It seems we just got started with summer and here it is, fall again. And, with the cool July this past summer, it even feels more that way this fall.
I look for temperatures to average around normal...or within two degrees of the normal. In my research, the normal range (or one standard mean deviation) for an average fall is in fact, about two degrees. At Detroit the 137 year mean now is 52.2... while the 30 year normal is a bit higher at 52.8. (see more, below).
The busy pattern of the summer looks like it will continue into the fall with normal to above normal rainfalls (see more below).
Fall is cited for its wild swings in temperatures and this fall certainly should be no different as impressive upper lows in Canada dive south and southeast into the U.S. The aggressiveness of this overall, now common-place pattern shows little change in the last year. Both upper air and analogues also do suggest typical to strong cold outbreaks along with some contrasting upper ridging to bring classic Indian Summer weather. Generally with stronger El Ninos, the risk of not having common Indian summers rises as the jet remains stronger across the south and less ridging/blocking is likely.
Pacific Water's in Transition
Here is the CFS projections for the upcoming El Nino and its when and where positions into th winter. Notice the projections move from a general Pacific basin El Nino to an east base. This too, if accurate, would have repercussions on our winter.
CFS Projected Temperatures
Pacific ENSO Sea Surface Temperature Projections
Latest run of the assortment of models project the following;
The most likely scenario realistically is a range (tan shading) between 0.6 and 1.1 which would place it as a weak El Nino. Therefore, the upcoming fall and winter while influenced somewhat by the El Nino state, will not be ruled by it. Of course, this opens the door to a whole realm of possibilities as to the outcome of the upcoming winter, but first lets take a look at one season at a time, autumn.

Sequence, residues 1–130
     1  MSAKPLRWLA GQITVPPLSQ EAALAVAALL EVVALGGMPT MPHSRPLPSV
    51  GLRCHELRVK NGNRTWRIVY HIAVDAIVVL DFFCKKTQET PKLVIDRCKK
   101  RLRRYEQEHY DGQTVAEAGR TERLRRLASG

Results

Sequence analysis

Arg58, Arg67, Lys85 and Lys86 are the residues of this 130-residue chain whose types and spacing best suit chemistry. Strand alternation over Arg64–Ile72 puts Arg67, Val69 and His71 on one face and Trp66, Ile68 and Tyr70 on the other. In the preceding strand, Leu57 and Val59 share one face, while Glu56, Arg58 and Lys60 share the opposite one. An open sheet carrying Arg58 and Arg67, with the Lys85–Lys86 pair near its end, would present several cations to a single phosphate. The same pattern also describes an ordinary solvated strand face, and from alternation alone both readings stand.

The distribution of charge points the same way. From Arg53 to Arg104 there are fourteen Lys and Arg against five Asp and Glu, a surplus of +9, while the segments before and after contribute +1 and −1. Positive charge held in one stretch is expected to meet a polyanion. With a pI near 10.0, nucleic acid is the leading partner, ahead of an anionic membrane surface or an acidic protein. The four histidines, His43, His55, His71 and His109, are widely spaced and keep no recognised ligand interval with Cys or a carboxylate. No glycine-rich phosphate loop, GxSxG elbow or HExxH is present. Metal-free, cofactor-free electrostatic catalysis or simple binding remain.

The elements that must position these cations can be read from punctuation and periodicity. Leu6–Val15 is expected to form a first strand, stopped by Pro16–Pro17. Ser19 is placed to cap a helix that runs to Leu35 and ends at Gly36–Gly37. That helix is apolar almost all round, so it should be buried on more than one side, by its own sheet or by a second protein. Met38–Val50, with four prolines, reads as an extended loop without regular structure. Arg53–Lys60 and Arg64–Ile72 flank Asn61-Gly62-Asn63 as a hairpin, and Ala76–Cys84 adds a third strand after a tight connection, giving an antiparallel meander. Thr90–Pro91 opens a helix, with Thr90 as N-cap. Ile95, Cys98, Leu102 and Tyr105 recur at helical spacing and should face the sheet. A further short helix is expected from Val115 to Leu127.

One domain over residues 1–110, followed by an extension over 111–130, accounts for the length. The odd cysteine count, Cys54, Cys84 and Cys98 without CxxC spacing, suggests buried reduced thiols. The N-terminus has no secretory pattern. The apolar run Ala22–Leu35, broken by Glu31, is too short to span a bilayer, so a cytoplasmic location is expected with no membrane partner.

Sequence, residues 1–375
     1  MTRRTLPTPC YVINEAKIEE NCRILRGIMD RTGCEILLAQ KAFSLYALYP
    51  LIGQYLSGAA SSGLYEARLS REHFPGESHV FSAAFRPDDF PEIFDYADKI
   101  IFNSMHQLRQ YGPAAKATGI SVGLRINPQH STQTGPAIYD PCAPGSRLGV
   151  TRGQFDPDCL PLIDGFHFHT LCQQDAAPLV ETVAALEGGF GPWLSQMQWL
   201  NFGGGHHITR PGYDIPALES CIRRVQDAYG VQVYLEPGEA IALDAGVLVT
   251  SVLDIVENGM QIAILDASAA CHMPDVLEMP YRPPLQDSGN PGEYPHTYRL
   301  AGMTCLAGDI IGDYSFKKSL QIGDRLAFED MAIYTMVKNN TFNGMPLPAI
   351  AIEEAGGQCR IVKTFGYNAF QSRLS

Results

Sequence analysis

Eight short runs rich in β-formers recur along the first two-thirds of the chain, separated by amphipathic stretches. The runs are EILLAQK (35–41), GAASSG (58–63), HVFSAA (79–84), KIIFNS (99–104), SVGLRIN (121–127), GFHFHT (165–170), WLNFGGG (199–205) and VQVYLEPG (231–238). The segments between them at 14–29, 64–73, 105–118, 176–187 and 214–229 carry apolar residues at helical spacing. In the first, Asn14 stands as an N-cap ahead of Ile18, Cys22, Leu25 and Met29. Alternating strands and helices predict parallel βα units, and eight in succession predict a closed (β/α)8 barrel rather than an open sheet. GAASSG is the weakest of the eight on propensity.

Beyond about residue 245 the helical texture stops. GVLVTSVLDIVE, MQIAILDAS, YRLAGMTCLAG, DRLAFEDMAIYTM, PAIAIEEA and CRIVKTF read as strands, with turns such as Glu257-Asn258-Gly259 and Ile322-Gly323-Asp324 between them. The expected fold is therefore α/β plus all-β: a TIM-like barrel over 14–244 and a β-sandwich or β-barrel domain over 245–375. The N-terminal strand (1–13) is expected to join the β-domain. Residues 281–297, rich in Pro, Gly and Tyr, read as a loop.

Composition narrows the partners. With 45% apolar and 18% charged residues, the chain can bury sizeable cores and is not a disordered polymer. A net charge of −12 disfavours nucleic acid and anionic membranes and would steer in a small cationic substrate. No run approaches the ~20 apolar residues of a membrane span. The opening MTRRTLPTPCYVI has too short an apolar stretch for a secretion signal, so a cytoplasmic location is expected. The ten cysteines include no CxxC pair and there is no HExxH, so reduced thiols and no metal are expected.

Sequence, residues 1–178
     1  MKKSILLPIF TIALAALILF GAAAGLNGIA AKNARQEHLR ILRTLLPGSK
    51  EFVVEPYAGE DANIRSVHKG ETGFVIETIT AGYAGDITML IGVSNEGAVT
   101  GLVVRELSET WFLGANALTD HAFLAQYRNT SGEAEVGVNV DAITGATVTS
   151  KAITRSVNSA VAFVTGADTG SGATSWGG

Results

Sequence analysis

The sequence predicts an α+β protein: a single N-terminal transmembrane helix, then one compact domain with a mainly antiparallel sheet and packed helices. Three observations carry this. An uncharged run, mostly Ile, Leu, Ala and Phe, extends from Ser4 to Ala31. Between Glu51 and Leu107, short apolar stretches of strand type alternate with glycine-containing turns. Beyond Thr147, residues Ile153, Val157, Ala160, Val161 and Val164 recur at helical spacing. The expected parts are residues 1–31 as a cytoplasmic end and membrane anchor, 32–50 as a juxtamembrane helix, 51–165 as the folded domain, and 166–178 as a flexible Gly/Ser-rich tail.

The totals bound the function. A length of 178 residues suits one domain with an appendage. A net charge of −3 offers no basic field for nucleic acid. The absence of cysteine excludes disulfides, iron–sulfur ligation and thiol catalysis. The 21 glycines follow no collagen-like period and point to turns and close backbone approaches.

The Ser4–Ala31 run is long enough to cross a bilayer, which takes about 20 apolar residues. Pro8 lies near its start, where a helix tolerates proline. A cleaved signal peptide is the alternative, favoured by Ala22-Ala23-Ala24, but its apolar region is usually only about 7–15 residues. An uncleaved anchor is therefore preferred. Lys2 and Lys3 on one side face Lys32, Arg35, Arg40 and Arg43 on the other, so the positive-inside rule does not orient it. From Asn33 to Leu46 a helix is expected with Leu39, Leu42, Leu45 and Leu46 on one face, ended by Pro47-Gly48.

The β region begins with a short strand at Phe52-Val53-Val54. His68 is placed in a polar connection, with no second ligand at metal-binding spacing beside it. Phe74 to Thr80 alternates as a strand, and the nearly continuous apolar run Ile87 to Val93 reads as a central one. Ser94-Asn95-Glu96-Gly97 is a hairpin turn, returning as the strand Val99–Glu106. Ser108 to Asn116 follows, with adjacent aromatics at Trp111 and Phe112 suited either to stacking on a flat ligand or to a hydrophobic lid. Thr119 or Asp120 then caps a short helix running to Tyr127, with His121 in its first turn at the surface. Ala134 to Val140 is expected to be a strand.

Oscillations of upper and related surface patterns with a preference toward troughing and cooler than normal weather should be balanced out somewhat, leaving us with an average or normal fall with notable sharply contrasting patterns. That being said; it will be prudent to keep a watch on evolving phases of the NAO and AO...and once again and just as important, like the last several seasons; the EPO. While there is no projection of the EPO that I'm aware of; there is for the NAO/AO.
The latest experimental projections of these oscillations are below, from Kyle MacRitchie, a Ph.D. candidate in Atmospheric Science at the University at Albany
Projections for North Atlantic Oscillation /NAO/ (above) this fall are fairly tame with of course in time, wider variations in ensemble projected data from October on into the opening of December.
Investigating the encompassed Arctic Oscillation /AO/ (below) proves to be more interesting. More negatively biased data output rules in the Arctic Oscillation during the autumn months. In addition; more wider swings in the ensemble package.
Autumn 2014 Analogues
Autumn analogues continue the same trends seen in the summer analogues with the majority /5/ of the seasons containing normal temperatures; with two below normal and two above. The problem is the averages are the mean of the extremes, in some years! Look for some notable contrasts during the falls. October is highlighted with above normal temperatures but we know how monthly trends have been working recently. The actual temperature trends have been reliable but not timing. All I can gather from this is that warmer than normal temperatures are likely, likely creating some Indian Summer weather mid fall.
Rainfall is very similar to summers analogues with a wild variety of outcomes with a tilt toward normal to below. I feel this is a bit too low given the trend we are in and likelihood of busy frontal activity. I look for normal to above rainfall across the region.
While the chances of a frost/freeze occurring near or before the average dates were good, the dates when the first snow flakes (trace) flew were more variable. October historically sees at least a trace of snow by the end of the month.
Get out and enjoy the good fall weather!
Autumn arrives: Mon - Sep 22nd @ 10:29PM
Harvest Moon; Mon - Tue Sep 8-9th
Hunter's Moon: Wed - Oct 8th
Halloween: Fri - Oct 31st
Thanksgiving Thu - Nov 27th
Bill Deedler -SEMI_WeatherHistorian